I've Always Thought an Apocalypse Would Be More...Inevitable

A recent article in “The Walrus,” Jon Evan’s Jon Evan’s Apocalypse Soon, draws the conclusion that “the oncoming digital meteor will hit today’s publishing industry hard, and its dinosaurs are going to die.”

Strangely, Evans points out that one solution to impending annihilation would be to scale back quantity and “only publish good books” which seems counter-intuitive for digital culture long tail theorists. To mangle an old saw, one person’s good book is another’s trash. I’m skeptical that publishers, let alone individuals, would agree on what an objective measurement of good looks like and I’m apprehensive about whether uniform consensus would suit all my quirky reading whims.

Evans suggests that “[t]he enormous and lasting success of ink on paper is almost entirely due to one thing: contrast”. Trying out a new Sony eReader (with eInk-based interface) propels Evans to conclude that the end for the paper book is near without even touching on the fact that at this point, content for this perfectly contrasting display is somewhat…more limited than content available in traditional forms.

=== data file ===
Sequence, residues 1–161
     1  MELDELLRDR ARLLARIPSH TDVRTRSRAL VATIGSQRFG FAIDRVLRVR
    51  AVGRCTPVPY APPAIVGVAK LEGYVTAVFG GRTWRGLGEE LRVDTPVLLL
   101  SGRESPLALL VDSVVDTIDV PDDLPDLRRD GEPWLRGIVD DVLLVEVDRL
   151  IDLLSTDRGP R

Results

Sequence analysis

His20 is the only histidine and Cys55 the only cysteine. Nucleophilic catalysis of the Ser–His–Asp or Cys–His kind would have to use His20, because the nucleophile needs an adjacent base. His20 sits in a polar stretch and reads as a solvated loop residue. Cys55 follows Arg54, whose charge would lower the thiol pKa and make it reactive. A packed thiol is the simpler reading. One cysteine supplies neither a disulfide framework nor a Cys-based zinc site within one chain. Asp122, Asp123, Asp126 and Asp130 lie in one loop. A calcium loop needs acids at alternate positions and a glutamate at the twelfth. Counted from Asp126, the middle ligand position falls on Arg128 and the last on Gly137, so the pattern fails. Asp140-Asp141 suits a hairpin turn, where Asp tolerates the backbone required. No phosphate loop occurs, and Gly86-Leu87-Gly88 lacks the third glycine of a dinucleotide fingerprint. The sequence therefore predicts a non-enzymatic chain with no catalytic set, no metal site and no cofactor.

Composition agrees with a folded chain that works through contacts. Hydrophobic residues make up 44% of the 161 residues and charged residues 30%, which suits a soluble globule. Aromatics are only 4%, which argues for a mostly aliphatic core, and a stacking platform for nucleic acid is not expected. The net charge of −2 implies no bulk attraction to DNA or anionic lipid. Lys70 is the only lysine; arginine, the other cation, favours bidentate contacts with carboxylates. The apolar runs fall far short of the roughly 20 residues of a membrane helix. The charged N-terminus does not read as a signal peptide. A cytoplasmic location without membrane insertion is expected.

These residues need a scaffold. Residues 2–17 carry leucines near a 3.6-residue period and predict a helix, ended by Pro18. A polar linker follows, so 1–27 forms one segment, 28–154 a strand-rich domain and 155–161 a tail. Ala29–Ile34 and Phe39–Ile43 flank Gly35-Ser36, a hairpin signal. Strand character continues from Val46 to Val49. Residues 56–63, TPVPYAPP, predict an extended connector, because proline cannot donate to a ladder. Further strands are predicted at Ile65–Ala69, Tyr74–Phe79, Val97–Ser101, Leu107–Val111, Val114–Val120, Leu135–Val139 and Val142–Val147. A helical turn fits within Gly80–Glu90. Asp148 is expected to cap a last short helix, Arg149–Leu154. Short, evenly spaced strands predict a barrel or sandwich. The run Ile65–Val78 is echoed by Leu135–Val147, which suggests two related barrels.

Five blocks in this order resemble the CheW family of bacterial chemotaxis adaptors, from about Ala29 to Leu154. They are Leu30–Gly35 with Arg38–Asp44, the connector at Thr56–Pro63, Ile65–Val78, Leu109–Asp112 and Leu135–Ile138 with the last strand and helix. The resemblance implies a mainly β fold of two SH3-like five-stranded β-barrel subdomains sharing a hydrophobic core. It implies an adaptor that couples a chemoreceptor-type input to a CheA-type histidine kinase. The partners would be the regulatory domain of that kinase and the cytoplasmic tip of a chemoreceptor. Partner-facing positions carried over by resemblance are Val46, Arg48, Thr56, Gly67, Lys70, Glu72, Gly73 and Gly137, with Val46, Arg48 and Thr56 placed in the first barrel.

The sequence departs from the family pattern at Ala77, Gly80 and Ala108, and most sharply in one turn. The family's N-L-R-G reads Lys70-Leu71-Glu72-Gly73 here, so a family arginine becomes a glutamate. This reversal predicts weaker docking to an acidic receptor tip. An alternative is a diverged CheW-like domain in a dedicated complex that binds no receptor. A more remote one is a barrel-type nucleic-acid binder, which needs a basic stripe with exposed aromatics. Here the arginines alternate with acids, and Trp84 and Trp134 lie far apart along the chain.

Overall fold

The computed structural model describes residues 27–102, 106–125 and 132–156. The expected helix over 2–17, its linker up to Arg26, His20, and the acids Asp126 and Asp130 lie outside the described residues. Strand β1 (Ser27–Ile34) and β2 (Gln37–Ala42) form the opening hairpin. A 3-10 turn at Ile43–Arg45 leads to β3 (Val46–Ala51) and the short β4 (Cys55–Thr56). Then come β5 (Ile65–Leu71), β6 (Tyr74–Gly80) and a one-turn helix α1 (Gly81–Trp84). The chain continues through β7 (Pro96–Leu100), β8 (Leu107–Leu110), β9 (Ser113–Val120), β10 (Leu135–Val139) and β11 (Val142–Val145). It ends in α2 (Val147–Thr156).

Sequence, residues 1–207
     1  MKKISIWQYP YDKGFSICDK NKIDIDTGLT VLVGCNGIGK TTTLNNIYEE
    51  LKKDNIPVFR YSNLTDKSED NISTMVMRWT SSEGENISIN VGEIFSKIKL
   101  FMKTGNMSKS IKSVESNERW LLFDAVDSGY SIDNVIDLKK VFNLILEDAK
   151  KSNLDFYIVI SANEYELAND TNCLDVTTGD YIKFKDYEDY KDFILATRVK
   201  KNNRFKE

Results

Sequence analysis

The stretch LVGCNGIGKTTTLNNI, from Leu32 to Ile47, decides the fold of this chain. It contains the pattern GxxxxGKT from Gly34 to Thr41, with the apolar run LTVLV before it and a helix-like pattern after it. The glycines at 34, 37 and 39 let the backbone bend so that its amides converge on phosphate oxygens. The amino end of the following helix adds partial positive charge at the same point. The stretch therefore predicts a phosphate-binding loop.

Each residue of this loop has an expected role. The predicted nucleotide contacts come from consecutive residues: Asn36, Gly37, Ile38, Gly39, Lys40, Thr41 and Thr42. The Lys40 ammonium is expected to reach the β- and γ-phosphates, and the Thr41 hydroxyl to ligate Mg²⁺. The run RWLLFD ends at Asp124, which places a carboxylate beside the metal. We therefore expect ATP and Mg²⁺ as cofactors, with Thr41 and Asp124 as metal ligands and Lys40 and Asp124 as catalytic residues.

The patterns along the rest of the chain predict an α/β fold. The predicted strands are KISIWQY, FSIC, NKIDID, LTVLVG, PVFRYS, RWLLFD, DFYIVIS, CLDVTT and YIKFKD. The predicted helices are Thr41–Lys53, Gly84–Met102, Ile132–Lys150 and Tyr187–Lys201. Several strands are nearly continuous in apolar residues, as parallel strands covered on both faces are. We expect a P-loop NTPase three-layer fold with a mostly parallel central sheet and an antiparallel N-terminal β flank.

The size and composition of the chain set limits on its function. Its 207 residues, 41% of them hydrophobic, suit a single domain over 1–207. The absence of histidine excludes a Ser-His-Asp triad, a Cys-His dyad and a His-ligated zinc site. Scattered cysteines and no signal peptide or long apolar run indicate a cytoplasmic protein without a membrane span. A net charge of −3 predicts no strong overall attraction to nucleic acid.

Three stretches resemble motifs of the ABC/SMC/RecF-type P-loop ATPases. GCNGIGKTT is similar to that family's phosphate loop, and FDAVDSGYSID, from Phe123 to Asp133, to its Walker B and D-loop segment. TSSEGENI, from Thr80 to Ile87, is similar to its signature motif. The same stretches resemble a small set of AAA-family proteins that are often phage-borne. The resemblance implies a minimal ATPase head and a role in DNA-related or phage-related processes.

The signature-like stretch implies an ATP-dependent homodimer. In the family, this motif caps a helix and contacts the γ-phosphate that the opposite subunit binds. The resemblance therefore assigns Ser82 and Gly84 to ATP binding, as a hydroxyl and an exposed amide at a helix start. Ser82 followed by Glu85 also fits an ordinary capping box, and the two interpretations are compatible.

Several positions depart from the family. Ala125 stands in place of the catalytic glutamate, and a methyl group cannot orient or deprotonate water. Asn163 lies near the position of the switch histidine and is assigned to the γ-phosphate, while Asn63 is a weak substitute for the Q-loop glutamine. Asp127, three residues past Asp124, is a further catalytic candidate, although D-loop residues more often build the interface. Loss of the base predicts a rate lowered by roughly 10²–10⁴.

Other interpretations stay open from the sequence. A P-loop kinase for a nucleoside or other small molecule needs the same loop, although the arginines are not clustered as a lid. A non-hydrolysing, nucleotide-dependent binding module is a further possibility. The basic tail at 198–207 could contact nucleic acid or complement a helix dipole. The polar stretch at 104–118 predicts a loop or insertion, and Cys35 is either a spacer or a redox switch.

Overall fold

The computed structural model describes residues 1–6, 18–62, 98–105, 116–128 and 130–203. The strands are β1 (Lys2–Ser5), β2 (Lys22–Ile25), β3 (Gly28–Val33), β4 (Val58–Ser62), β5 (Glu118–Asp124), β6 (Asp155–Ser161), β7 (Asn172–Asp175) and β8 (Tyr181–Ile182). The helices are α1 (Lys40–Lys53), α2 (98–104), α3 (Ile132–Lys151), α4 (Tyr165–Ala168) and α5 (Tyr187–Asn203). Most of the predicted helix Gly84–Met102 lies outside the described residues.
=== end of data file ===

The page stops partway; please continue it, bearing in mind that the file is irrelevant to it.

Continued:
Also worthy of notice: most publishers are already working on their own digital strategybut that doesn’t necessarily involve authors putting books online for free (a beef which is the basis for much of Evans’ feeling that publishers, particularly his, are behaving like oblivious brontosauruses). Some publishers (e.g. Baen Books) like free content models, some don’t. As in any other area of culture (particularlyahemdigital), different approaches ensure long-term industry survival and only time will tell which strategy was the best.

Because, you know, I probably would have put money on this guy to survive a while…